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Pulled Chicken Barbecue

A great way to make barbecue sandwiches easy

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Pulled chicken
ImpromptuKitchen/Flickr
Chicken is perfect for the smoker or the grill. Regardless of which you use, you can produce delicious shredded chicken barbecue easily. There is a lot more variation in how the chicken turns out. Unless the chicken is burnt to a dried crisp, it can still be salvaged with a good barbecue sauce. However, you should cook the chicken low and slow enough to help keep it tender and juicy.

Picking the Pieces: Chicken is really two kinds or meat. The white meat is very different in texture and flavor from the dark meat. For this reason you can choose the kind of meat you want to make your chicken barbecue. Of course, by using whole chickens you will get a variety in one great pile of shredded meat. If you choose chicken breasts, be careful not to let it dry out. While you will be slathering the meat with a delicious barbecue sauce, dry meat will be tough and chewy, not something you want in a barbecue sandwich. I prefer smoking whole chickens because I like having the different meats in one sandwich. Though, it is hard to resist just doing my favorite piece, the thigh. While the white meat is low in fat and has an even texture, the dark meat is much more flavorful.

Cooking the Chicken: The secret of good barbecue is low and slow. If you were preparing a big pork shoulder you'd be looking at a minimum of 12 hours of cooking time. Chicken on the other hand, can be cooked at a hotter temperature in a shorter amount of time. This means you can either use your smoker at a temperature between 225 and 250 degrees F. If using your grill, cook indirectly with a low flame. The whole goal of this cooking process is to cook the chicken, allowing fat to drain from the meat, while keeping it tender and moist. Remember, you can't overcook chicken, but you can dry it out. Chicken must reach an internal temperature between 175-180 degrees F., before it is done. Do not remove the chicken from the grill or smoker until it reaches this temperature or you could be sorry, very sorry.

Adding the Smoke: All great barbecue needs smoke. Smoke not only adds that authentic barbecue flavor but the nitrates in the smoke break down the connective tissues and changes the very nature of the meat. If you are using a smoker you should already know how to get the smoke. If grilling indirectly, you will need to make smoke. Of course, you wil be adding barbecue sauce later, but the flavor just isn't the same. More smoke during the cooking means less flavor you have to add later. You don't want to overpower the chicken with a thick store bought sauce.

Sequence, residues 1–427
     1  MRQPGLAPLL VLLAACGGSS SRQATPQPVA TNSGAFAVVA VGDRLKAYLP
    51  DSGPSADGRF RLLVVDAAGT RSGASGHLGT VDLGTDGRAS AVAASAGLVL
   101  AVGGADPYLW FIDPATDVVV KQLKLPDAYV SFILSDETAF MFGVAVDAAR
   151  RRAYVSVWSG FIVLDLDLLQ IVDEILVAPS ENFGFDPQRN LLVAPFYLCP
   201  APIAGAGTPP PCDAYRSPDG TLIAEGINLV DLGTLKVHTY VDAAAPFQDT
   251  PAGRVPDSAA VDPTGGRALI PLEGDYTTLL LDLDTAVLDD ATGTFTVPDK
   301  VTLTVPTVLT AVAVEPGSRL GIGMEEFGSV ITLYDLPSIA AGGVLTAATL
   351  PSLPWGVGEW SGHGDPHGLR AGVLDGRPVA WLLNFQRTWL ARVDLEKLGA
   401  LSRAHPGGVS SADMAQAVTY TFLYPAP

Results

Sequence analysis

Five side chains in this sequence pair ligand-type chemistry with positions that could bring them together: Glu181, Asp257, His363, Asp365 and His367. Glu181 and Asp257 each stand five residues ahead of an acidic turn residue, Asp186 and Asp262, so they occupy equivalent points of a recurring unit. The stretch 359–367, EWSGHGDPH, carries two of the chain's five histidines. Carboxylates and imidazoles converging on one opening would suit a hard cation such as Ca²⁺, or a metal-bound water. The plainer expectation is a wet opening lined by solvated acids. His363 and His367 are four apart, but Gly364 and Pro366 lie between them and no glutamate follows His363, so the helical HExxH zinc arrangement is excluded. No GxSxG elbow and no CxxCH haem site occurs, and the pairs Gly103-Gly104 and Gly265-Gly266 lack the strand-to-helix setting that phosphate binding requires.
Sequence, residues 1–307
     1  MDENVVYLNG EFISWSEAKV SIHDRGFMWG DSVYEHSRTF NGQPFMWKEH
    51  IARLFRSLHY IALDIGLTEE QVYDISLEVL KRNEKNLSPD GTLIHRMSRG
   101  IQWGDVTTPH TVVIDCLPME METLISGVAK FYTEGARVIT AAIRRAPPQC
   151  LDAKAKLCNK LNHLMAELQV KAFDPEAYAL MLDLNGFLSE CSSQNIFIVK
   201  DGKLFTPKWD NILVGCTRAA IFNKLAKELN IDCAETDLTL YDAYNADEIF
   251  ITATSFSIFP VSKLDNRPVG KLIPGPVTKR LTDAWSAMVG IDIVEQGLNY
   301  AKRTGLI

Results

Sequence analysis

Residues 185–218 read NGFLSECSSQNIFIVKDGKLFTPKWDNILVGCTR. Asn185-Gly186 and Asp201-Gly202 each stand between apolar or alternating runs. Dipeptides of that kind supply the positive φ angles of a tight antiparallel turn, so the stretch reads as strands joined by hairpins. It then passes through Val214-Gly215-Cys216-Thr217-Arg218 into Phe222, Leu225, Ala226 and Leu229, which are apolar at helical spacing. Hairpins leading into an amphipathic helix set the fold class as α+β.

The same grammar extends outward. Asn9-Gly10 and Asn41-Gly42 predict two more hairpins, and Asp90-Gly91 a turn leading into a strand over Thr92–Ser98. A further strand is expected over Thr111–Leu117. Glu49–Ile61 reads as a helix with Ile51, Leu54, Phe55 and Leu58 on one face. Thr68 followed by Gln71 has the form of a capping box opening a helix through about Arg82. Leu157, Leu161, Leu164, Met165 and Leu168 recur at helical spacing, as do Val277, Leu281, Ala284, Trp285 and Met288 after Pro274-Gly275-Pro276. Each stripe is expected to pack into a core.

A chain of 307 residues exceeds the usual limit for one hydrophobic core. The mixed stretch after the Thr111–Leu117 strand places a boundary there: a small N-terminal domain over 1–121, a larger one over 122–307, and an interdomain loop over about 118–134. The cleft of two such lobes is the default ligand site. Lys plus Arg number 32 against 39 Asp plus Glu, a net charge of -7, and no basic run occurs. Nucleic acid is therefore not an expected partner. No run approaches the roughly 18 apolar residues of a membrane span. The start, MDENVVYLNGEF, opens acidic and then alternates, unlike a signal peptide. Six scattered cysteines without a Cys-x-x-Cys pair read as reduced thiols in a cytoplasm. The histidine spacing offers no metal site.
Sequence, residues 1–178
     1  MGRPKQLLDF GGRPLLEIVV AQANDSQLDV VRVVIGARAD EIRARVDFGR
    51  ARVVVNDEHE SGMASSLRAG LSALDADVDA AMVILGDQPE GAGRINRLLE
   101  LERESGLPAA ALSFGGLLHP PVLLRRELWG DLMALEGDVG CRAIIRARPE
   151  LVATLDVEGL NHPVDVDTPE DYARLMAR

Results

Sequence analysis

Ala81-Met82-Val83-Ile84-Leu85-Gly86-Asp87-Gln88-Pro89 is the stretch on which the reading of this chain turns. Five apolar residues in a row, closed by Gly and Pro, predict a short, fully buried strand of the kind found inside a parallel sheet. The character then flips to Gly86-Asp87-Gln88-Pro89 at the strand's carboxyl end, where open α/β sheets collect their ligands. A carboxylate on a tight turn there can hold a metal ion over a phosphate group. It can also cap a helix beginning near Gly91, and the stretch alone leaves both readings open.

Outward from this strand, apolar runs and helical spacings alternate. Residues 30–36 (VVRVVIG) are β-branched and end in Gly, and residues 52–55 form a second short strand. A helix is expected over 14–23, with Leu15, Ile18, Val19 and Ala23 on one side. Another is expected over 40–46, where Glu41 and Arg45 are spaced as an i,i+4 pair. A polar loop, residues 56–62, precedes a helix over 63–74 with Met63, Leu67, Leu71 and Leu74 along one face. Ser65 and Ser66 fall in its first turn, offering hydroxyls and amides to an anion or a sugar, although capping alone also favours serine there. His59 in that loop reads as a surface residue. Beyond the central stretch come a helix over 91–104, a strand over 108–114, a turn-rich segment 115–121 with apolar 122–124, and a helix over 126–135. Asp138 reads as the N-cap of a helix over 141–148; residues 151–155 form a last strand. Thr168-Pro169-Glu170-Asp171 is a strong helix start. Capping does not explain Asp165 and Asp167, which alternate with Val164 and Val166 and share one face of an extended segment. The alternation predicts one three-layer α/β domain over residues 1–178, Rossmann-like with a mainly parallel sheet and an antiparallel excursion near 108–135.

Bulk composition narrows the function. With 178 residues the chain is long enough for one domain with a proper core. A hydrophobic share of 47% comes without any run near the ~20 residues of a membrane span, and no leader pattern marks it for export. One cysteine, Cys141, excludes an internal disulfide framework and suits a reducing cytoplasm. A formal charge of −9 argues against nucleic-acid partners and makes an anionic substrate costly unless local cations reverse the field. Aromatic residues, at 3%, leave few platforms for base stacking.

Shredding the Chicken: When the chicken is completely cooked, let it sit for about 15 minutes to even out the heat and allow it to cool down enough to handle. While getting the chicken ready to serve, you will need to reheat it, so it doesn't matter if it cools down a lot. The big question about shredding is how to do it. Traditionally, chicken is pulled apart by hand. This is time consuming so you might want to consider chopping or pulsing in your food processor. There are advantages to each. Hand pulled chicken is more authentic and it gives you the ability to really get into the meat. Chopping is easier but tends to crush the meat as you chop. Pulsing in the food processor is quick and easy but can result in ground chicken that really isn't very appetizing. However, the more shredded the meat the more sauce it will hold, so you might want to consider a combination of two of these methods. Personally, I tend to chop up the breasts because they are large pieces of meat and can be quickly dealt with by using a sharp knife. I use my hands to pull apart the dark meat because the bones make it harder to carve and this way I can make sure to get rid of any leftover fat deposits. It is important to get a feel for the cooked chicken to decide which method works best for you.

Adding the Sauce: Most people will use a sweet tomato-based barbecue sauce on their pulled chicken barbecue. This works well because the sweetness of the sauce adds to the flavor of the chicken. If you have added smoke to the chicken during cooking, then avoid using a smoky sauce. You can go with more traditional sauces that use vinegars and savory flavorings. The choice is entirely up to you. Use enough sauce to lightly coat the chicken. You don't want the shredded chicken swimming in sauce. The meat should be evenly and completely coated, no more.

Serving your Chicken Barbecue: Nothing fancy please, this is barbecue after all. Pulled chicken should be piled high on a bun that does nothing more than give you the ability to hold the sandwich. It is a means to a sandwich, not a gourmet experience. If you would prefer, top off your pulled chicken sandwiches with cole slaw and set a pickle spear next to it. Now you have a great sandwich.

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